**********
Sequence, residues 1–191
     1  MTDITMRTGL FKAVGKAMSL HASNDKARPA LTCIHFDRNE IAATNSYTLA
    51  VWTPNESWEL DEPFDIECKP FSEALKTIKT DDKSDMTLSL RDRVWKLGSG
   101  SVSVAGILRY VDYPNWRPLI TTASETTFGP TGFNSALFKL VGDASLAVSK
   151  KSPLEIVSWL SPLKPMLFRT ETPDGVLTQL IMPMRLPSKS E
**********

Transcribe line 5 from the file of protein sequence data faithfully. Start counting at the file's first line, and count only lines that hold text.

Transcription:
   151  KSPLEIVSWL SPLKPMLFRT ETPDGVLTQL IMPMRLPSKS E